[Coral-List] Coral Bleaching in Barbados
fhinds at coastal.gov.bb
Mon Sep 19 14:58:24 EDT 2005
Following our inspection of the reefs in the north of the island, we conducted at least 5 reconnaissance dives on the south coast of the island. A greater diversity of species were found to have undergone bleaching. These were as follows:
1.. Mussa angulosa
2.. Millepora complanata
3.. Millepora alcicornis
4.. Erythropodium caribaeorum
5.. Plexaurella sp. (Split-pore sea rod)
6.. Porites porites
7.. Dendrogyra cylindrus
8.. Montastraea annularis
9.. Montastraea faveolata
10.. Montastraea cavernosa
11.. Porites astreoides
12.. Siderastrea siderea
13.. Diplora strigosa
14.. Diplora labyrinthiformis
15.. Meandrina meandrites
16.. Agaricia fragilis
17.. Palythoa caribaeorum
Our office has also been receiving reports from fishermen and by the Fisheries Division that a number of spotted moray eels have been washing up onto the beach in some areas. I have only seen one recently dead moray on the reef during my last dive. However, I can't say that I actually saw any live one either. That issue has to be assess further. I am wondering if the elevated temperatures were reducing dissolved oxygen, hence suffocating the morays. Likewise, reports have been made that the white sea egg (Tripneustes ventricosus) has been going through a mortality event of their own. Spines have been reported to be falling off etc. Our Fisheries Division is in the process of investigating.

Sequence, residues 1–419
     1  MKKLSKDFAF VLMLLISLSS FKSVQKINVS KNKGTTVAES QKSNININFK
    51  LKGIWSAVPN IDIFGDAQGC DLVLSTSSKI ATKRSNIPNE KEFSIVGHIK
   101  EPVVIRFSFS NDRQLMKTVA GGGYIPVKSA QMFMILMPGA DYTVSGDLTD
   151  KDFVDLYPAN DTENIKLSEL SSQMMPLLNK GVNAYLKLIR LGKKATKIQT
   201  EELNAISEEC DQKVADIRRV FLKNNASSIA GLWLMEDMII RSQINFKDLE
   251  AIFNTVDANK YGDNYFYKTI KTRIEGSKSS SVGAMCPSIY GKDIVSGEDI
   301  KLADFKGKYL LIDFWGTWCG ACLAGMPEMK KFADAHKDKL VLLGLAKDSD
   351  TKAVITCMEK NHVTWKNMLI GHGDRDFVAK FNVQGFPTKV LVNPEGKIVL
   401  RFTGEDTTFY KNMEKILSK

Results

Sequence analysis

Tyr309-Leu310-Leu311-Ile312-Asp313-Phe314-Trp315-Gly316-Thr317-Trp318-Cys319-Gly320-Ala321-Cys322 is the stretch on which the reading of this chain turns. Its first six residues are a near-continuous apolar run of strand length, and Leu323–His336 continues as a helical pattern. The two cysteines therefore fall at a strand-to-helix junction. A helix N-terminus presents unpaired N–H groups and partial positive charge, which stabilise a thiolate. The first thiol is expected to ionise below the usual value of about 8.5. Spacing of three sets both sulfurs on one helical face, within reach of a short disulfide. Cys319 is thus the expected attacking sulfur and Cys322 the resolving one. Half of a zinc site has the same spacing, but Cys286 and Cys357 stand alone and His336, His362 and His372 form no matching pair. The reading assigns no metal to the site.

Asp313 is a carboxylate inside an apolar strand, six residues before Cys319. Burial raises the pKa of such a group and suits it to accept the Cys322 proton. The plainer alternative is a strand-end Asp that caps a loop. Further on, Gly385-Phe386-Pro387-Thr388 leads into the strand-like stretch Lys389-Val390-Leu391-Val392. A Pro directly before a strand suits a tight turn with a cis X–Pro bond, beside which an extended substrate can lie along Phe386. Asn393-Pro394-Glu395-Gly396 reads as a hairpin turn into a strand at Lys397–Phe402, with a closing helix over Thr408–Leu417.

Note to NOAA Coral Reef Watch Program
The observed bleaching has been so wide-spread that almost any coordinate would do. However, below are the coordinates for 4 of 35 dive sites for which we maintain moorings for dive boats:
a.. Maycocks Reef - N 13 17'32.8" W 059 39'47.5" ( most northern buoy on west coast)
b.. Spawnee - N 13 13'38.4" W 059 39'08.5" (west coast)
c.. Old Fort - N 13 04'39.3" W 059 36'55.2" (South coast)
d.. Pieces of Eight - N 13 04'18.2" W 059 35'48.5" (south coast)
I will try to compile a list of the other sites for you.
Unfortunately, we are unable to conduct light measurements at this time.
Yes, we have seen bleaching in octocorals and zoanthids (See list above).
Bleaching has been observed down to depths of 110ft on the south coast. We have assembled a team to begin monitoring the bleaching event. Temperature, and salinity data is also being retrieved for the last 4 months.
Marine Biologist (Ag)
Coastal Zone Management Unit
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